One of the reasons why I decided to write this post was to prove that there are alternative voices and images of what it means to be a woman today. I refuse to let industries identify what being a woman is for me. This started when my grandmother told me the most important lesson to womanhood, love and value yourself. This is a lesson everyone needs.



Monday, July 9, 2012

An American Brigade Invasion

I've been wanting to write a post on Africa for sometime now. After living in Africa for two years as as a Peace Corps volunteer, I learned quite a bit about the continent. Everything I thought and had seen/read about Africa was quite different than what I expected. Probably the most striking aspect I noticed was the amount of foreigners living and/or working in Africa. For the most part I encountered Europeans who started small businesses or saw large Chinese factories at port cities. I always wondered what motivated these individuals/companies (besides money/resources) to come to Africa. I also wonder what they feel their impact is on the continent. Colonialism has had a very negative impact on Africa, and the legacy still impacts social structures in all African countries. I have yet to meet someone that disagrees with this statement.

The scramble for Africa became a way for colonial powers to strategize various locations for their gain. Many like to blame the current problems on various dictators and corruption but I argue that all of the current problems are lingering effects of colonialism. Colonial states had no interest in promoting a viable Africa. Peoples selected by colonial powers were often favored. This favoritism endures until today. Familiar relation to the ruling elite determines much of the social inequality seen in Africa. Below is a unique photo retrieved from a very cool blog:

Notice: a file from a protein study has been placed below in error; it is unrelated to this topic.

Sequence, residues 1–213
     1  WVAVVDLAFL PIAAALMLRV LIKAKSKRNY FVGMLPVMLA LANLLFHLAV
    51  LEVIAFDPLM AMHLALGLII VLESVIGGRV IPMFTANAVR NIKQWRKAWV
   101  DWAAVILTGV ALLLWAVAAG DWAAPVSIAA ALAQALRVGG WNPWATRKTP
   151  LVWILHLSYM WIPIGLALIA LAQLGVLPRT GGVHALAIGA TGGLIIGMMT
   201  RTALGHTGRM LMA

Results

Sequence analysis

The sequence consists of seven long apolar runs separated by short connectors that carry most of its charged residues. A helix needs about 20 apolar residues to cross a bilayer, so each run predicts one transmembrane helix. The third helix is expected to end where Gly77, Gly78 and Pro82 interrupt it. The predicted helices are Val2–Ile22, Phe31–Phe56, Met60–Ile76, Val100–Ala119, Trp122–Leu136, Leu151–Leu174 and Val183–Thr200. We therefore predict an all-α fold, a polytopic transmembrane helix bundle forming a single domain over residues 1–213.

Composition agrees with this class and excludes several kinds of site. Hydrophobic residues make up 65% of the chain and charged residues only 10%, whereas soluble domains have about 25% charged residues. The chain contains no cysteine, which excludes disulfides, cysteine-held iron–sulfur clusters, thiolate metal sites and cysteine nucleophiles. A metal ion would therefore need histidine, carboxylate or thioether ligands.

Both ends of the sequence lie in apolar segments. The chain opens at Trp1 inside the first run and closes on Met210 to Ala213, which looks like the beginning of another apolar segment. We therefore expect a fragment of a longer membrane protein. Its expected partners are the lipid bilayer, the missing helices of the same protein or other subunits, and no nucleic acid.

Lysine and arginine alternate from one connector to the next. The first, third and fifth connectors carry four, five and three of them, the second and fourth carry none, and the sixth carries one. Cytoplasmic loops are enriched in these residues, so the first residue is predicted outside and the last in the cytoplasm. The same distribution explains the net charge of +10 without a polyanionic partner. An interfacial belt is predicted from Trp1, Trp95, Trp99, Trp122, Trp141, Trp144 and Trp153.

Given this legacy of colonialism and the amount of aid centered on Africa, it is interesting that many countries are not assessing how their interventions are affecting this continent. I recently read this Al Jazeera about the U.S. sending an army brigade to Africa. See article:

This brigade will be sent around the continent. Now military intervention is another cup of tea. Given the reputation of U.S. in some areas, say the Chagos Islands, I'm a little concerned when a country sends its military to another continent, brigade or no brigade. It is claimed that these troops will be trained and sent to "participate in military exercises." These troops will be 'assisting' the forces of various countries. I also found it interesting that these troops will be sent to areas that are "perceived as threats" to the U.S. This should concern the everyone. Intervening has never gone well for the U.S. and I don't believe this is the way. All the training in the world can't help these brigades to understand ongoing conflicts in this part of the world. And furthermore, what will this lead to? As bases in other areas are closing we may very well see more popping up in the name of U.S. security. Just as colonialism has left a legacy, I wonder what impact this will have? Perhaps all the billions given to 'develop' Africa hasn't ended up in the U.S.'s favor and now they are employing a new approach. 

Africa must be strengthened from within. A this is true for all continents with legacies of colonialism. No country in the global north has the answer to the problems in the global south and nothing can make up for the years of exploitation, dehumanization and countless human rights violations.  If anything, these troops will learn this lesson.